Grief…I have written a lot of poetry about this word, which ceased to be a word for me long back and became an ever-encompassing emotion, just like the threatening dark clouds, which refuse to break away without torrential rain.
I know this emotion is not individualistic. I know it is all pervading and agonizing but when it starts defining life for us at a very young age, it becomes a part of our personality.
That is how it assaulted me, devoid of any compassion with killer instinct to annihilate my existence.
I had to deal with it single-handed, finding excuses to hide away from it, putting up a brave front, denying its existence and even shoving it into the obscure corners of my mind.
We can do so when we are very young, burying our memories with the hope that they will remain repressed. Dwelling in the world of denial we move on, pursuing our dreams and basking in their glory.
Forgetting that no glory lasts forever. Oblivious of the reality that grief is an incessant stream that flows into our life time and again and brings all those boulders back, which we had discarded in the hope of never meeting again.
It is like an ember that keeps glowing in one corner of our heart, which keeps reminding that it is real, it is persistent, it cannot die.
How can you expect a child to grieve? A child who doesn’t even know this word, who is suddenly thrown into the sea and expected to swim!
How can you tell a child to shed tears and empathize with those who want to glorify grief?
‘How dare you smile or laugh’…people remind us and compel us to keep the grief alive in our heart.
I can recollect a feeling of emptiness, of loneliness, of guilt encompassing me, shrieking…keep that emotion alive. A reprimand arising out of my heart…dare you not abandon it!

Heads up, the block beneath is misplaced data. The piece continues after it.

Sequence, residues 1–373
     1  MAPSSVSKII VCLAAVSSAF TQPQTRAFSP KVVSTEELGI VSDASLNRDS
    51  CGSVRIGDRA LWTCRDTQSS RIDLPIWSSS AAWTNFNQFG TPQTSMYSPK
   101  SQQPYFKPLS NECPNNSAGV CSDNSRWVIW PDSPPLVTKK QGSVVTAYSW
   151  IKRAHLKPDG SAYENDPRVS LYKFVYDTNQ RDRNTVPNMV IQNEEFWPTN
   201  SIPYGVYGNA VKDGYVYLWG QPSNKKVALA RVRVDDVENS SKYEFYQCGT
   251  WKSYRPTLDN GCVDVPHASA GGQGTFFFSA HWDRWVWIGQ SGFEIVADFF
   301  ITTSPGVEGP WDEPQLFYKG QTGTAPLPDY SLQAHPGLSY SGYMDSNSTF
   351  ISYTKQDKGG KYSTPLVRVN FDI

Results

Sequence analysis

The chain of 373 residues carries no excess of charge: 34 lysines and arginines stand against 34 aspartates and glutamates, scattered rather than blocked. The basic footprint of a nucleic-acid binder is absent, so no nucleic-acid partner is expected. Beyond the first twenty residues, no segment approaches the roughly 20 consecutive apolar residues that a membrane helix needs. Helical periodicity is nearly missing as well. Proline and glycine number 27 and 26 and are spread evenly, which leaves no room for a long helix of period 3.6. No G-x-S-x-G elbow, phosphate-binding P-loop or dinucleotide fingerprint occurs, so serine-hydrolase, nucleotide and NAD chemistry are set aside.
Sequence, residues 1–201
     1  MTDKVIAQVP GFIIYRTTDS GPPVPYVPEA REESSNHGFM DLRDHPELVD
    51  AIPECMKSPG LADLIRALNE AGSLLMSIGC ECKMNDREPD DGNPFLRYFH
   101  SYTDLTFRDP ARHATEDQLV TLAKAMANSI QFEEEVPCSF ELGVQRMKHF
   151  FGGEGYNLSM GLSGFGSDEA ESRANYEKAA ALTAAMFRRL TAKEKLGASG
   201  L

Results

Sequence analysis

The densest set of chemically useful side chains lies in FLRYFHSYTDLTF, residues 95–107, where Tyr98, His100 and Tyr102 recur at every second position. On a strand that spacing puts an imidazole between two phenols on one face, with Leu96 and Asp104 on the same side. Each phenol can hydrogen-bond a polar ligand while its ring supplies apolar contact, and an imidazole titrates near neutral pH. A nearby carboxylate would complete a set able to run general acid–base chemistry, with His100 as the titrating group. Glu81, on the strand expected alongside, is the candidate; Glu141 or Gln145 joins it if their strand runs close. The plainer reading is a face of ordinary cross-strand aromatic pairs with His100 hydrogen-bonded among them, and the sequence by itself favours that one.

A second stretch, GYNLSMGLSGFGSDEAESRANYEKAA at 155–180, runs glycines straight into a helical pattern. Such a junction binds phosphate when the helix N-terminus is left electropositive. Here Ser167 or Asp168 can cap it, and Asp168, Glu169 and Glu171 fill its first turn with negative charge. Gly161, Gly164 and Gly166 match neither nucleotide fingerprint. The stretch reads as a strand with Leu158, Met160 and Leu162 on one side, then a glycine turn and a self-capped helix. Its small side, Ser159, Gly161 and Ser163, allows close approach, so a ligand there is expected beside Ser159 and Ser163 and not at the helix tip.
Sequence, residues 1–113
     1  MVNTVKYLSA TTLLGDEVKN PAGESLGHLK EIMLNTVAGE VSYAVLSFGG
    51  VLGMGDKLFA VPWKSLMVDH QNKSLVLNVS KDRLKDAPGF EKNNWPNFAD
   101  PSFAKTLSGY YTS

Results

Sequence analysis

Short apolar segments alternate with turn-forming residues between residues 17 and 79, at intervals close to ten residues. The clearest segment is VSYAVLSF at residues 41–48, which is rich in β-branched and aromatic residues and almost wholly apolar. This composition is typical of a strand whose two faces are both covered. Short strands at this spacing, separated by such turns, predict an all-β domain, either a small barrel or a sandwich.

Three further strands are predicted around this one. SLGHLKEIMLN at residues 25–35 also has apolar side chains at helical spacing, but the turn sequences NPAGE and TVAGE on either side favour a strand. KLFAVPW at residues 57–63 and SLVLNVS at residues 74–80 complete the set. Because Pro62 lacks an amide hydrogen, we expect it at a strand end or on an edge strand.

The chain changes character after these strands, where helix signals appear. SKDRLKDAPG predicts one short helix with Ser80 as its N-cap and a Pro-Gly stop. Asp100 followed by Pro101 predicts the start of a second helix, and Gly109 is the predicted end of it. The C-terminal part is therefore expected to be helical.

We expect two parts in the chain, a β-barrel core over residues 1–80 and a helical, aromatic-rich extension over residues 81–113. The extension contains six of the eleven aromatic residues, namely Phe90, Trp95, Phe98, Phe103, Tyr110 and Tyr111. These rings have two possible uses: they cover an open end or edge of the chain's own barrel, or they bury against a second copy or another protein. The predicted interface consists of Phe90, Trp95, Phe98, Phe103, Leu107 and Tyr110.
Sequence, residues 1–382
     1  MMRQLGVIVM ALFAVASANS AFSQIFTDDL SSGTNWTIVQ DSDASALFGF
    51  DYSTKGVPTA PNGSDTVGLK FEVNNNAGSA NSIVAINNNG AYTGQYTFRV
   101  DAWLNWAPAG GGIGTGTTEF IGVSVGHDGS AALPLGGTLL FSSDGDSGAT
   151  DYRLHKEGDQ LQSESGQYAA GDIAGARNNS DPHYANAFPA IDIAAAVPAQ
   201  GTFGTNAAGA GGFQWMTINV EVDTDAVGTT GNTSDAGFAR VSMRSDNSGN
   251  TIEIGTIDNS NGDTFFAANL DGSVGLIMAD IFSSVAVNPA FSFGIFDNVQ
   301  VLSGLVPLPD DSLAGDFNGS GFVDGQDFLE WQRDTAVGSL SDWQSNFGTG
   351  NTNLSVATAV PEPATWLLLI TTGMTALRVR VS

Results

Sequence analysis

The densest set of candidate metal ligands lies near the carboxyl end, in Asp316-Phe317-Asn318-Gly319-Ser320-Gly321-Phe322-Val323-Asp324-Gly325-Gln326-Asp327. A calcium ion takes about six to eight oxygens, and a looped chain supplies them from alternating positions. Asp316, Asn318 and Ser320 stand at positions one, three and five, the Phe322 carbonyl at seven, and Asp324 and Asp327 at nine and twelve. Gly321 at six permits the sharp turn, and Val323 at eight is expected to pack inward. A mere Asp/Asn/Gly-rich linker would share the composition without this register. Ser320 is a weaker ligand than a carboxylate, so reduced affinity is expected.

Such is the way of the world or that is what I experienced. Moments of joy were snatched away not just by the dead, who left me behind but even those who were alive because they chose to live in sorrow.
Grief is one emotion that can never be suppressed… I learnt this lesson in the prime of my adolescence; it is better to accept it, embrace it and conduct a meaningful dialogue with it.
Give it some time to let it percolate, assess your strength, build it further and emerge emotionally resilient. Only grief can do it. It is only in misery that we learn to become understanding. Our vibes of sensitivity become more functional. We become resistant to judgments.
We learn to live with it.
“Grief is like the ocean; it comes on waves ebbing and flowing. Sometimes the water is calm and sometimes it is overwhelming. All we can do is learn to swim.” – Vicki Harrison
After all the tears and heartbreaking moments of anguish, grief starts diluting itself and steps out. We just have to open the doors and windows to let it ease. Now it re-enters in a new form if we are ready to accept him like a friend.
When I befriended grief it started patting on my back, it sat with me to reassure that it would welcome joy. I was astounded that it too loved to break free. Now both of us enjoy freedom, soar with each other, laughter accompanies us and we have vanquished negative thoughts.
We pour our concerns and tears into poetry, which is all-absorbing and provides us with somber solace.
Grief is our best friend:
It acquaints us with our inner self.
It makes us ponder to understand its nuances.
It makes us wiser and more tolerant.
It reinforces our faith and strength.
It ennobles us.
It introduces us to joy, which lies in little, fleeting moments.
Have you found a friend in grief by accepting it? Do you like this new relationship? I would love to hear your views.
The above extract, adapted from my next book, which is in initial stages, may seem gloomy and out of place but grief is one word that surely touches our lives with its cold hand, at some stage of life.
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